Program increases HAART adherence in HIV patients

Nonadherence rates drop drastically

Clinicians at Miriam Hospital in Providence, RI, have drastically increased HIV patients’ adherence to highly active antiretroviral therapy (HAART) during a six-month pilot program.

About 75% of the patients reported prior to the program’s intervention that they had missed a dose of AIDS drugs within the previous four days. After one month of the program, only 22% said they had missed a dose. So far, only one month’s worth of data has been analyzed, but the outcomes look promising, says Jennifer A. Mitty, MD, MPH, assistant professor of medicine at Brown University in Providence and an attending physician at Miriam Hospital.

"Adherence is so important because poor adherence results in drug-resistant virus," Mitty says.

The program, which has grown to 23 HIV patients, began in June 1998. The patients were referred by physicians after they had reported nonadherence to their medications. The group’s demographics are:
• a mean age of 39;
• 76% female;
• 29% white;
• 33% black;
• 29% Hispanic;
• 65% have been in jail or prison;
• 26% are active substance abusers;
• 85% are not working.

At baseline, 48% accurately reported their medication, and 14% correctly reported their dosage; at one month, 60% accurately listed their medications and dosage.

Drugs delivered by community members

The program works this way: Two peer outreach workers who are not health care professionals deliver medications to the patients each day, Monday through Friday. They meet patients at their homes or at some other place that the patients choose. On Friday, they leave medication for the weekend. A nurse packages the medication in daily doses.

When they deliver the medication, they watch the patient take the morning dose, and they check to see if the previous day’s evening dose has been taken. One of the workers speaks Spanish, and both are members of the community in which the patients reside.

The program, which cost less than $40,000 for the first six months, was funded by a Lifespan/ Tufts Center for AIDS Research grant in Boston and Providence. The program received money from three pharmaceutical companies: Glaxo Wellcome, Bristol-Myers Squibb, and Merck. The patients’ AIDS drugs are covered through Medicaid or the Rhode Island Drug Assistance Program.

Mitty says the program began with the daily visits and eventually weaned the patients down to visits three times a week, then two times a week, and finally once a week.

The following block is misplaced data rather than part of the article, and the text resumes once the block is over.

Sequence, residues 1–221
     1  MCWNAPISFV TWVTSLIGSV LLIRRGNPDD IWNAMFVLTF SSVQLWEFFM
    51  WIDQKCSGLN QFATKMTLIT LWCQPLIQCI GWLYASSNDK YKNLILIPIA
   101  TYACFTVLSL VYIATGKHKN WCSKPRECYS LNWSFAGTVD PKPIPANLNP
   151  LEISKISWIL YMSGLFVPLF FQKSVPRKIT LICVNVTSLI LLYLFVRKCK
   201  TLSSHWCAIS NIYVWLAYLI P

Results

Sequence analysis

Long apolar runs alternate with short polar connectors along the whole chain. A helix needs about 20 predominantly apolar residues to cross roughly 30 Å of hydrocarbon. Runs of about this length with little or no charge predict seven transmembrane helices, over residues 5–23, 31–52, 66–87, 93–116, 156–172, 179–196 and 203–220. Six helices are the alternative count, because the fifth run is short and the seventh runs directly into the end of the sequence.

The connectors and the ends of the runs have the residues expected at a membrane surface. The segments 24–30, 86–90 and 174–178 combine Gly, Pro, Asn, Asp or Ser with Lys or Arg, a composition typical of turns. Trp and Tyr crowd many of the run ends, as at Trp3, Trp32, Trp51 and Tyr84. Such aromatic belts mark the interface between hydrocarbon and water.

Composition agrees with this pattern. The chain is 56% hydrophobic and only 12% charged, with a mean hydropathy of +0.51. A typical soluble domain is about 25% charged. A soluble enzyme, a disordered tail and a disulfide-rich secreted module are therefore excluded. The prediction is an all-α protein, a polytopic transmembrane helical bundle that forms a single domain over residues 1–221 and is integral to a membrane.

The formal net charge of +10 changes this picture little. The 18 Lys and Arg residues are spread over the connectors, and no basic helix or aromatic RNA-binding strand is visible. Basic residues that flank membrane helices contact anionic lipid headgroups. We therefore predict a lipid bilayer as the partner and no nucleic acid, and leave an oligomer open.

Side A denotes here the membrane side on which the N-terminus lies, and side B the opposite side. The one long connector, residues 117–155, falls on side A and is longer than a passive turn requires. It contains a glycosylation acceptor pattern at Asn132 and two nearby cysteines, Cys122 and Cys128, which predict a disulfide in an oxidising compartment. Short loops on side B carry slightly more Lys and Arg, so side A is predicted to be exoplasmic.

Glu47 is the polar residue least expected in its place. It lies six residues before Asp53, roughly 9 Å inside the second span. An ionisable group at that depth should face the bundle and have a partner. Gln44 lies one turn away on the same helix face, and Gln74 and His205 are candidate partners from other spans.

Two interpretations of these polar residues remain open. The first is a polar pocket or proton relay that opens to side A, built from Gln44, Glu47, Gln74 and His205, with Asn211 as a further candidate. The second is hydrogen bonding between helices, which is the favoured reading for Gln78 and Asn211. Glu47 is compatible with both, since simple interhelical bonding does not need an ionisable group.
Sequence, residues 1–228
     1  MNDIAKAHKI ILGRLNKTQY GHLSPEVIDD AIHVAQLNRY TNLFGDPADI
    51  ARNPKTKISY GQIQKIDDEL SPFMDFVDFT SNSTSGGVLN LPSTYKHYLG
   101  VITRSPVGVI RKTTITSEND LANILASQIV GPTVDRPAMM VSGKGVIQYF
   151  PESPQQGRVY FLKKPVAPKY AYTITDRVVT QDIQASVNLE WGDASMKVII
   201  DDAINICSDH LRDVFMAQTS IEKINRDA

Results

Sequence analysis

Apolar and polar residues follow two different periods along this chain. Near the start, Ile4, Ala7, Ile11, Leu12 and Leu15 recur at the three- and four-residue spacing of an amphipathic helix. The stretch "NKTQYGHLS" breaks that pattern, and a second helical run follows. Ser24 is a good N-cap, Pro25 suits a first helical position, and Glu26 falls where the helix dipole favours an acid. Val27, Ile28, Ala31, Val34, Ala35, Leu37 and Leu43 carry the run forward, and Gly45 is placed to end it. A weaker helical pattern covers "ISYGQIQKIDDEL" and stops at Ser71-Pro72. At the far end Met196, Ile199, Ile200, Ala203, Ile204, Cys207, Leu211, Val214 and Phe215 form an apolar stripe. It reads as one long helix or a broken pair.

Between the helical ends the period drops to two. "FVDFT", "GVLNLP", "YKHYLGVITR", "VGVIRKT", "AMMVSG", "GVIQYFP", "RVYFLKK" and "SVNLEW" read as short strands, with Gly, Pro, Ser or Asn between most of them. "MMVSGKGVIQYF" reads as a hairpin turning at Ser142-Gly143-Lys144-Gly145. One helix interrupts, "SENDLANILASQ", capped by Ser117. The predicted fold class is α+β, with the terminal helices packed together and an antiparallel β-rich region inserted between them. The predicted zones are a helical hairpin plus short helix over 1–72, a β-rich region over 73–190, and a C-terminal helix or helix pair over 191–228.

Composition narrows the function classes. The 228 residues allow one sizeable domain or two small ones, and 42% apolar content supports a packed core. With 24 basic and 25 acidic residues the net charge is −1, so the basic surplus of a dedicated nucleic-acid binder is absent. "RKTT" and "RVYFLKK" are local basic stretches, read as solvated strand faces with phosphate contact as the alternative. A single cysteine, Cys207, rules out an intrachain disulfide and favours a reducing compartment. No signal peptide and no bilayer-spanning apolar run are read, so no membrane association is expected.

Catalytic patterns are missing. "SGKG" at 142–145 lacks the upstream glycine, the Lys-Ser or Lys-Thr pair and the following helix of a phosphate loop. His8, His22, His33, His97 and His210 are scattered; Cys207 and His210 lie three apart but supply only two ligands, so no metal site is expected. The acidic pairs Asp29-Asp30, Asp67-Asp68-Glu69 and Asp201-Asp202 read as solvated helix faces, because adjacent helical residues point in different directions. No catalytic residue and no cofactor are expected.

HIV patients who have trouble adhering to their drug regimens probably should be followed indefinitely, Mitty says.

"We’d like to observe people by giving them a weekly pill pack, and if we see someone going through a major life stress, then we could increase the visits," she explains. "For example, if someone has picked up a substance abuse problem or has become homeless, then we could say that once a week is no longer good enough."

Although the pilot program was developed for six months, Mitty says it will be continued as a weekly outreach project.

The nine patients who first began on the program had an average viral load decrease of 1.2 log after one full month. Also, their average CD4 cell count increased from 215 to 283, Mitty says.

"The program’s effectiveness still needs to be determined, but it is feasible for others to implement a program such as this, and it’s been very well accepted by patients," Mitty says.

She suggests other communities and medical centers could start such a program fairly inexpensively, perhaps even using volunteers as outreach workers.

The program’s future may include incorporating patient education in the outreach work, Mitty adds. The outreach workers already serve as links to the medical clinic because if they see a patient has a medical problem, they’ll contact Mitty or another professional.

"I don’t know if this program is for everyone, but it definitely serves the needs of certain populations," Mitty says. "The whole point is to design interventions appropriate to the population being served."